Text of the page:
On July 16, 2020 the European Court of Justice (ECJ) issued an epochal decision (judgment in case C-311/18 Data Protection Commissioner v. Facebook Ireland and Maximillian Schrems): not only was the Privacy Shield wiped out (the Decision on the adequacy of the protection provided by the EU-US Data Protection Shield was invalidated) but the ECJ, which formally spared the Commission’s decision on Standard Contractual Clauses, in fact also undermined this instrument, by calling the supervisory authorities to examine their concrete effectiveness and their possible suspension. In fact, as you can read in the press release:
Regarding the supervisory authorities’ obligations in connection with such a transfer, the Court holds that, unless there is a valid Commission adequacy decision, those competent supervisory authorities are required to suspend or prohibit a transfer of personal data to a third country where they take the view, in the light of all the circumstances of that transfer, that the standard data protection clauses are not or cannot be complied with in that country and that the protection of the data transferred that is required by EU law cannot be ensured by other means, where the data exporter established in the EU has not itself suspended or put an end to such a transfer.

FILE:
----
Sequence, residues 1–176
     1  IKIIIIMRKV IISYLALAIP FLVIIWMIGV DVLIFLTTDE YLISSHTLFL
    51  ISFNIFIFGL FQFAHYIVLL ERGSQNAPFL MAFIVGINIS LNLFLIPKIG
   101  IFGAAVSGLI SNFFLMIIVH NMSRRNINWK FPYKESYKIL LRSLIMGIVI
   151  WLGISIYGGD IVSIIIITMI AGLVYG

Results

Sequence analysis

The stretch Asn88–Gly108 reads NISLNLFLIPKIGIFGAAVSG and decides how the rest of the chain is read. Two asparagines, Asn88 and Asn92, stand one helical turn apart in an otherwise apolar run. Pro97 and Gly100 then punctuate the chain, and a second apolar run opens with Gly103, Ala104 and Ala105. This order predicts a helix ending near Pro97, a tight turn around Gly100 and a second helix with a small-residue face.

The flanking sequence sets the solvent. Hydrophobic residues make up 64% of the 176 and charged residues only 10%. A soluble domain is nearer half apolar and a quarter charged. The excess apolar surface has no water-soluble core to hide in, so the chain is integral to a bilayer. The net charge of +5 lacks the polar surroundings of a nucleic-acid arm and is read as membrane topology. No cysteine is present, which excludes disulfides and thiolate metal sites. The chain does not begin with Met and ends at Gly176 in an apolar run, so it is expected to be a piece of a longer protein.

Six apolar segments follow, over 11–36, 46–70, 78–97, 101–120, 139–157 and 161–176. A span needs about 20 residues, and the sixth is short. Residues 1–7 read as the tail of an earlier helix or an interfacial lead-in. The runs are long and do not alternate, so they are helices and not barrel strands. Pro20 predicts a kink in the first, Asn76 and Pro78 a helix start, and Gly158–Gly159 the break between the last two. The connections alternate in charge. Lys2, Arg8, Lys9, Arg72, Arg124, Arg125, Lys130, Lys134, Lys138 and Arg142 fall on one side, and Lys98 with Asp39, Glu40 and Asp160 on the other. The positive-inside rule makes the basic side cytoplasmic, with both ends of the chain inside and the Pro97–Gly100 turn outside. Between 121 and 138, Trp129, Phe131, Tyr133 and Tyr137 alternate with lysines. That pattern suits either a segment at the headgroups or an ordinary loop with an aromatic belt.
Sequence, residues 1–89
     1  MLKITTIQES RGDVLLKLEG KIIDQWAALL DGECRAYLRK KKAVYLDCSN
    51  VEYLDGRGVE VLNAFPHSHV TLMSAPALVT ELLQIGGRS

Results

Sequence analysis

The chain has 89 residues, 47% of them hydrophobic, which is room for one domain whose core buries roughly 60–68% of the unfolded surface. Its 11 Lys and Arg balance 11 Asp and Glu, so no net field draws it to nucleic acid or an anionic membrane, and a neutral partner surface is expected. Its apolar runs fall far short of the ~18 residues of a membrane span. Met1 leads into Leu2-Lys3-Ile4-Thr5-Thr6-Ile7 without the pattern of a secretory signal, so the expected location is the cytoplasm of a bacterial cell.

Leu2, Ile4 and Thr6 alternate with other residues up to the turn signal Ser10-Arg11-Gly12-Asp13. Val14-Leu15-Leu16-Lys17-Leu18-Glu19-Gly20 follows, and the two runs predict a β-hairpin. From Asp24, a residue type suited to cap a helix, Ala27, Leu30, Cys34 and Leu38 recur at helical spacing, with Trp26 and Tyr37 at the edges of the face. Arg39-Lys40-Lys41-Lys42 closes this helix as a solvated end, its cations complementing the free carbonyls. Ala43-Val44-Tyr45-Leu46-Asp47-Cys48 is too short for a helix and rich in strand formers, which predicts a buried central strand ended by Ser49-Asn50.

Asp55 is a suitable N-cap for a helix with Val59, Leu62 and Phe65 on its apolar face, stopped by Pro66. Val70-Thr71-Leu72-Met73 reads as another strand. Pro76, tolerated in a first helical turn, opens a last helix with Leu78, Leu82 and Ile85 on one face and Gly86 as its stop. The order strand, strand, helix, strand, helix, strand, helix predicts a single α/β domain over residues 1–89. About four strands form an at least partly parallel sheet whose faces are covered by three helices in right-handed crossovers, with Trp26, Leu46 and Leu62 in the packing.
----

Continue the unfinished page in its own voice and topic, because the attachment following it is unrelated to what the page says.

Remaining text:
The situation of data transfer to third countries, and the USA in particular, is getting really complex. In fact, if the problem is that US law could infringe on individuals’ right of privacy, it will be difficult to demonstrate that the standard contractual clauses are effectively applied in the U.S. and do not suffer any erosion by the same US regulations. Therefore, if in the aftermath of the fall of the Safe Harbor, controllers quickly turned to standard contractual clauses to continue the transfers of personal data to the U.S., today this switch could not guarantee the same result; this could generate a real paralysis for those who cannot use BCR (Binding Corporate Rules).